Jamie Oliver admits he questions reality when he is centre stage at places like the World Health Assembly giving a speech on global nutrition or in the inner sanctum of British Parliament planning the obesity strategy with the Prime Minister. “It’s absolutely nuts,” he tells me down the phoneline from the UK. “To make it even worse, everyone listens, but  I  still feel like the naked chef." It is admirable, but why him? Why has Jamie felt the need to change the way we eat? Why has he became the flag bearer for the food revolution? Responsibility and right place, right time is only part of it. Happily married, he and wife Jools have recently welcomed their fifth child, River, into their lives. “It is brilliant and amazing and we are very thankful,” he says of his newborn son. “Sunday, I looked around the table and everyone was around it and I just went, ‘Bloody hell, how did this happen?’ I know how it happened...but you know…” And there’s the answer. Every parent knows, as does any responsible adult. For Jamie, it's about giving children the nutrition they need to be the best they can be. All this starts with education. Kids, adults, governments; everyone. Life Changes to Eating Australia and Britain are up there with the USA in adult obesity rates. How has this happened in just three short decades? “People always find a way to shortcut,” reasons Jamie. “And the minute they find a way to make time on a job, they fill it up with other stuff. Technology has really added to that. Everyone is juggling more things, more money and more responsibilities – life has just changed. “The reality of it is 56% of Aussies are overweight or obese and health problems are shooting through the roof because of it. And this is at the same time we have more knowledge and beautiful produce. But it comes down to two things: knowing how to cook and access to good food.” Jamie’s plethora of cookbooks and cooking shows is helping solve the first issue. But he’s gone above that, setting up initiatives such as The Ministry of Food, a hands-on community cooking school, The Kitchen Garden Project to introduce growing food and cooking into schools, as well as being part of The Obesity Strategy, Sugar Smart UK, and the list goes on.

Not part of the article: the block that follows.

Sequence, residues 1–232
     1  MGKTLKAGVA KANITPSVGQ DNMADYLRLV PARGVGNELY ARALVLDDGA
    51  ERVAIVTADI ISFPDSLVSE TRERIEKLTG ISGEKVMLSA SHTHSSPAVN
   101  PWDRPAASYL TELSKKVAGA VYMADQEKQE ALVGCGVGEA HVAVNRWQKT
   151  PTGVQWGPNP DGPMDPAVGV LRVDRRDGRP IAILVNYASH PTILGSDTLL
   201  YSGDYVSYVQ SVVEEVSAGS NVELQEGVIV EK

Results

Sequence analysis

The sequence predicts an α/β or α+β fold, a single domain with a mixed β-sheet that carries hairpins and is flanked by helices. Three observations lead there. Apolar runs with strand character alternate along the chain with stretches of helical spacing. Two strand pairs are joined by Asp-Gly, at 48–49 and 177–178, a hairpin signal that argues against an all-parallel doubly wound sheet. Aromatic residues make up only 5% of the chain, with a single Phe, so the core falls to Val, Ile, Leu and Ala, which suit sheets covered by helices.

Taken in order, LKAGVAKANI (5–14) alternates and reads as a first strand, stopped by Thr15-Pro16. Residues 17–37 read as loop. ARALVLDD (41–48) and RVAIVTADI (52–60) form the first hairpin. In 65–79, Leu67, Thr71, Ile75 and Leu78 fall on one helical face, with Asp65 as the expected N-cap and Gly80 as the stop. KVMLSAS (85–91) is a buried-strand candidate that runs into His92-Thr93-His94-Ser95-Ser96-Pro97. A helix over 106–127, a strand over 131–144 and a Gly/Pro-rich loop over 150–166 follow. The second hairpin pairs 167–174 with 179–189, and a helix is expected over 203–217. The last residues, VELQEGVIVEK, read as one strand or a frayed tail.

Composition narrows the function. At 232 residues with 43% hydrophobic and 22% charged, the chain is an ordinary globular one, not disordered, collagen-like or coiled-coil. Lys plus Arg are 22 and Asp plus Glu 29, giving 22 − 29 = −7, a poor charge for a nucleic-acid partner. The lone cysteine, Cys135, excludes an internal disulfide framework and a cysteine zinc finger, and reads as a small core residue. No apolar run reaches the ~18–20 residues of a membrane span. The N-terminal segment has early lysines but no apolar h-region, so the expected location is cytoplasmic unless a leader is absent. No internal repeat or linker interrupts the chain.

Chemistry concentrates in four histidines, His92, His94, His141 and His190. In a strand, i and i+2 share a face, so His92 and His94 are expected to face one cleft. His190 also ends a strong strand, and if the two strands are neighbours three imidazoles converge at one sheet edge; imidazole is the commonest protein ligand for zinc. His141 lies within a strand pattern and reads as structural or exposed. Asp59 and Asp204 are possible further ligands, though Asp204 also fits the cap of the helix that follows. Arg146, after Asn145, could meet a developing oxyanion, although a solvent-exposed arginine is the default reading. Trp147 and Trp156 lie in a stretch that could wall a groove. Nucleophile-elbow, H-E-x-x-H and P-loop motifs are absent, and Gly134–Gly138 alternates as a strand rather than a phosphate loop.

Look at What you Serve The second part of the solution – access to good food – is getting people to look at the produce they eat. In short, it’s about more fruit, veg, nuts, seeds and beans. “I just spent two years going around the world to where people live the longest,” says Jamie. “These places are not rich, they are not scientists or nutritionists – they just happen to be good at cooking food that is delicious and really good for you. And it is pretty much vegetarian. They eat meat and fish, but really only twice a week. “Take Korea, for instance. I sat down at a table where there were 10 plates of noodles, heaps of veg – steamed, stir-fried, pickled, fermented – colour everywhere, and then a plate of meat. By default, that is super balanced, super healthy.” The thing is, Jamie knows his stuff. Alongside over two decades of cooking, he has been studying nutrition for the past four years. A full diploma. As a consequence, each recipe in his most recent cookbooks has nutritional information such as calories, fats, protein and carbs, plus special sections offering healthy tips and ways to balance your meals. “Nutrition can be very technical, very scientific,” says Jamie. “So I have tried hard to build bridges between science and understanding it in the real world.” Still the Same Guy All of this seems far removed from the knockabout chef that burst onto our TV screens all those years ago.“I often think the Naked Chef did well in Aussie because, back in the day, my attitude was all about having a laugh and using food to make cool memories and I think that’s very Australian. To a certain degree, nothing has changed. I am inspired by the same things. The food that made me tick, still makes me tick. “But I have always been driven by what people want and these days people ask, what is balance? What does ‘good food’ look like? So the point of books like  Super Food Family Classics  is to create something where every choice is a good choice. “It isn’t about getting it right all the time. Personally, I try to eat to the principles of the book, Monday to Friday lunch. That’s how I do it. And then, guess what? Friday night, I don’t even think about it – the whisky is out, I am planning the weekend, I am getting amongst it. Everyone will find their own pattern, but that generally puts me in a good place.”
Two Blues Sauvignon Blanc 2014